I learned a few things today:
* Hot air balloons are magical and beautiful all the time, whether they are rising in the air, filling up with heat, or simply laying on the ground empty.
Today we woke at 4:45 in the morning to go to the Adirondack Balloon Festival. It's an annual event and over 90 balloons were scheduled to fill up and take off at dawn this morning. When we arrived, the frost on the ground was thawing and as the sun came up, the fog thickened. Some balloons went up but most were grounded. Still, it was a treat to see all of the balloons.
* The reason I'm not ready to say goodbye to summer and hello to fall has more to do with how well I've been able to notice and embrace the small, beautiful changes that nature brought throughout the spring and summer than anything else. I loved spring and summer this past year because I cherished the small things that I found outdoors. The new growth, the blossoms, the bright green leaves. I've realized that just because there isn't new growth in the fall and winter doesn't mean little changes won't occur. They will, and I can still take delight in noticing and appreciating them.
* I could have a sauna, mineral bath and massage every day and never tire of the routine. Thank you Shelly & Neal, my husband's wonderful parents, for the treat I had today! Saratoga Springs is famous for its mineral waters and the baths are a delightful accompaniment to the sauna and massage.
* Even two year olds can hammer. Today we stopped at one of our hardware stores and a kid's clinic was in progress. The girls made a wooden fire truck and used child-sized hammers to put the nails in place. What a great way to help children feel comfortable using tools!
Church tomorrow. It was supposed to be followed by a potluck at the farm but because of the rain that's due to come through, the dinner is postponed until next week. We have another commitment next week at the same time and it'll be interesting to see what choice we make and why.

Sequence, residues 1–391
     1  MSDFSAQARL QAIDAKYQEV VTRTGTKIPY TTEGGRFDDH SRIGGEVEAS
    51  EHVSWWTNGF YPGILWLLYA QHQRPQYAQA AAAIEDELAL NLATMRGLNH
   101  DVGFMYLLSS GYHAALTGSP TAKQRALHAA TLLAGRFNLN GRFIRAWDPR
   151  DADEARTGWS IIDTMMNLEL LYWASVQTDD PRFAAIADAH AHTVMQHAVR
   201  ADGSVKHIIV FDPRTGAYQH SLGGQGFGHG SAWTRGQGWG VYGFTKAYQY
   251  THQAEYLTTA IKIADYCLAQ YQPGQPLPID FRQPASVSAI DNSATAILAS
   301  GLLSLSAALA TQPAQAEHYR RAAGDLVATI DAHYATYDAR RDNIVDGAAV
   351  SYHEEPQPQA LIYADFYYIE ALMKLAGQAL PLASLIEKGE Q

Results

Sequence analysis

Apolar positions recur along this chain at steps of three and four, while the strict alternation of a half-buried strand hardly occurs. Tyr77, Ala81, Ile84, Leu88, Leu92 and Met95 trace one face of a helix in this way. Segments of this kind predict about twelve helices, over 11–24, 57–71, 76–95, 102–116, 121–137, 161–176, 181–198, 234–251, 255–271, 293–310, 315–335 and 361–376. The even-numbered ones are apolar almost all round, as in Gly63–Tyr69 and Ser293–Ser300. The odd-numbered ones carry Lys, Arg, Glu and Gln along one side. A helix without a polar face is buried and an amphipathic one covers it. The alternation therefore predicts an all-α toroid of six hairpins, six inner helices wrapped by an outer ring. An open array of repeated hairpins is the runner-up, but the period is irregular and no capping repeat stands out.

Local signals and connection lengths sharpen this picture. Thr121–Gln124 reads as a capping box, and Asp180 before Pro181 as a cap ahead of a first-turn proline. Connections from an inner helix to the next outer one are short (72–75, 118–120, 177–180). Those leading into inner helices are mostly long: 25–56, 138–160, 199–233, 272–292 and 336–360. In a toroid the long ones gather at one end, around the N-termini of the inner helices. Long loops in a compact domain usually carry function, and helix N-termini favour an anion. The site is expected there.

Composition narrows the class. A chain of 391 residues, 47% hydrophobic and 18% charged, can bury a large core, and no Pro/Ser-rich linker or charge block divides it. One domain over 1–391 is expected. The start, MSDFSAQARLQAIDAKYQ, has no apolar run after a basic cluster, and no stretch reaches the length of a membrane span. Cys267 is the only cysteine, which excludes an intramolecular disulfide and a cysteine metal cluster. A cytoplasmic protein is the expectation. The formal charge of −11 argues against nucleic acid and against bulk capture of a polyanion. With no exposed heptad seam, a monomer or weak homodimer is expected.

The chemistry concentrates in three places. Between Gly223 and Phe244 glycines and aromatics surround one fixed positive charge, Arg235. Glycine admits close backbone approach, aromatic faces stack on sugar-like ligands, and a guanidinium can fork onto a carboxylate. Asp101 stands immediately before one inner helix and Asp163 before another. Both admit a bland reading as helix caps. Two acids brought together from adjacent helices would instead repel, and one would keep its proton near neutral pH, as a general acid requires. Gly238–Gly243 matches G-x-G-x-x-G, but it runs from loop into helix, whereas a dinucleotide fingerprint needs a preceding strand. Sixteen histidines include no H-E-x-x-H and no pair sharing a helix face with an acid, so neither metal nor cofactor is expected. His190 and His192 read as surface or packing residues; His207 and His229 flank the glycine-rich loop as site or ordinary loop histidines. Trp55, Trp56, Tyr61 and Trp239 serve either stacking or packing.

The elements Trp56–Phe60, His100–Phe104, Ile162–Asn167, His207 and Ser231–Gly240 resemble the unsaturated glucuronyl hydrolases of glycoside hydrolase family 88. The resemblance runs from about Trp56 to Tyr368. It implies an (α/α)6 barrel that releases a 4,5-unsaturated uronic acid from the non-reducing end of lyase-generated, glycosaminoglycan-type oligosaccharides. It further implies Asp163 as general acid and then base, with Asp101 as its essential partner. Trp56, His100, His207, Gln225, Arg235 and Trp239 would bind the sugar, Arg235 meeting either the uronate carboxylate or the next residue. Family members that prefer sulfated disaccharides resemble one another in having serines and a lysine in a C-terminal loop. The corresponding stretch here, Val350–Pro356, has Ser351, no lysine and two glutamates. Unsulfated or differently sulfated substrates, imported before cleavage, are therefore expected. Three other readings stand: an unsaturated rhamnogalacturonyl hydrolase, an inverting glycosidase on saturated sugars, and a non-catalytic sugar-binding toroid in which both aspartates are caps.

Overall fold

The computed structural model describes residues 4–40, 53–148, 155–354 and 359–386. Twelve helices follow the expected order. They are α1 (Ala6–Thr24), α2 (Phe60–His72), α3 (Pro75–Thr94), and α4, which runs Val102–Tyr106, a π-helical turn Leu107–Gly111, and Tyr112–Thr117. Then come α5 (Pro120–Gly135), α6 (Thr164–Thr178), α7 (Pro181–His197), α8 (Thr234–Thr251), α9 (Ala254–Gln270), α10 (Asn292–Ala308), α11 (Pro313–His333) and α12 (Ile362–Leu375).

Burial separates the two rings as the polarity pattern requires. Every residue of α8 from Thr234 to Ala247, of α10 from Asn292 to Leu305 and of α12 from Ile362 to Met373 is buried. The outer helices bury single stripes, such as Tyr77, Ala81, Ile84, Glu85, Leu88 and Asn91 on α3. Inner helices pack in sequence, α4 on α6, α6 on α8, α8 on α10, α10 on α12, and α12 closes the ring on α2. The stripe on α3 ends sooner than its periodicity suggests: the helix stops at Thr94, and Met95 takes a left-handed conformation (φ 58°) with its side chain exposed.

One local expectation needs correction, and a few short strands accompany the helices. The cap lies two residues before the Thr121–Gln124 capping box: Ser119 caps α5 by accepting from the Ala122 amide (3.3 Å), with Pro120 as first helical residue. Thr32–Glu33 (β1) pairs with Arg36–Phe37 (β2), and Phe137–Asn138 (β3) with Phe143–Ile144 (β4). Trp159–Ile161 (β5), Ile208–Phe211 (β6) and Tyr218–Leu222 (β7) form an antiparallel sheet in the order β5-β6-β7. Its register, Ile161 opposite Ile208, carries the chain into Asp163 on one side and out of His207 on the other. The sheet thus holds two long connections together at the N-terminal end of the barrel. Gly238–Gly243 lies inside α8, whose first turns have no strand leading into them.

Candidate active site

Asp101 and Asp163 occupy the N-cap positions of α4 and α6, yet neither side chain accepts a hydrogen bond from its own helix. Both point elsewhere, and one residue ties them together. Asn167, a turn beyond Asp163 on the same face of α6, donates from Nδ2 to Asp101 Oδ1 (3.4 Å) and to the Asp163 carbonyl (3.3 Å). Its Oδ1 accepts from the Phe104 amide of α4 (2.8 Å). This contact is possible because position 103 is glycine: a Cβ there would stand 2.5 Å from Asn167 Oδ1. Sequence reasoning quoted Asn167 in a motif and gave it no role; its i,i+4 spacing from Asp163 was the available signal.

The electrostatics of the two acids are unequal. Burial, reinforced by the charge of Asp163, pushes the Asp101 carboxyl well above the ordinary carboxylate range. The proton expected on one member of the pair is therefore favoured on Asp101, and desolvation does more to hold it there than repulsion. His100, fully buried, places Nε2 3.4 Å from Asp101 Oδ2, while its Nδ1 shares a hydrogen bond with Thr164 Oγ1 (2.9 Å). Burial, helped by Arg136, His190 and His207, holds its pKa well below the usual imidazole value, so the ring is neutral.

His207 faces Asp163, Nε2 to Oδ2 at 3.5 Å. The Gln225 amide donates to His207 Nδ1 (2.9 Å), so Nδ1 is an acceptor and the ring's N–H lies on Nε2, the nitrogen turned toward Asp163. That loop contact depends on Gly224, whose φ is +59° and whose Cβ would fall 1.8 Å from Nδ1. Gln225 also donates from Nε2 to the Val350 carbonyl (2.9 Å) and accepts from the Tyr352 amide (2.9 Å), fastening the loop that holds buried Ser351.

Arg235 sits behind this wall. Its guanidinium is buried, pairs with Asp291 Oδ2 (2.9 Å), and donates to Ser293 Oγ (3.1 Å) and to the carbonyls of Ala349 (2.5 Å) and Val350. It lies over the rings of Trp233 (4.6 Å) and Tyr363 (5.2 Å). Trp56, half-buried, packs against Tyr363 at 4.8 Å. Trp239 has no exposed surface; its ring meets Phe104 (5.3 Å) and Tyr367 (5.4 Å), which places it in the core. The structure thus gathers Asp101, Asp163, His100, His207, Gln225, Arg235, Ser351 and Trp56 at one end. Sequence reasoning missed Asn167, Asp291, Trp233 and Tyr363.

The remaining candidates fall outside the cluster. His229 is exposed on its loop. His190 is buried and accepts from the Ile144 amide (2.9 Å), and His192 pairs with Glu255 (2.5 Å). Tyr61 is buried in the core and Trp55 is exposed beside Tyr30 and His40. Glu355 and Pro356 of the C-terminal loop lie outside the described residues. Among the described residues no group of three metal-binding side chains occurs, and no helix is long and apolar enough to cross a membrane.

Have a wonderful and magical rest of your weekend!
Shhhh.... it's quiet here. My girls are napping, to get some rest before a potluck dinner we're attending tonight. Life is good. We're just about done painting the living room (big, high walls...), and today I put everything back in the hutch and felt relieved to see the top of the kitchen table once again. I bought a fabulous chandelier for the living room on clearance the other day and I can't wait to hang it and wire it in. Once we get that up, we're just about finished with this whole project that should have been done a few years ago.
I'm starting to wonder if Mother Nature has enlisted the help of her fairies to move me to a place of peace with the new season. Lately my oven smells of apple pie when I turn it on, and I haven't cooked one since last year. I do love apple pie! And I associate it fondly with autumn. Okay Fairies, I'm getting the message... but keep the magic coming because I'm not there yet.
We held our "Fall Celebration" tonight. Yesterday the girls collected leaves and made crowns for all of us, we took out some books about the seasons from the library, and I gathered together a candle to represent each one.
We lit the candles and as we did, we said what we liked best about each season. We all agree that we like all the seasons. Jeff and 'A' feel more strongly about that statement than I do, but I do appreciate them all. I read stories and poems and we closed with each of us blowing out a candle that represented the season of our choice. I blew out summer, and it hurt just a little bit to say goodbye.
Tonight as I was tucking 'A' into bed, she reminded me that Mother Nature is ready for us to move to the next season, and that spring and summer will come again, and it will all be okay. Children can be so wonderful and reassuring when you need it most.
"Come said the wind to
the leaves one day,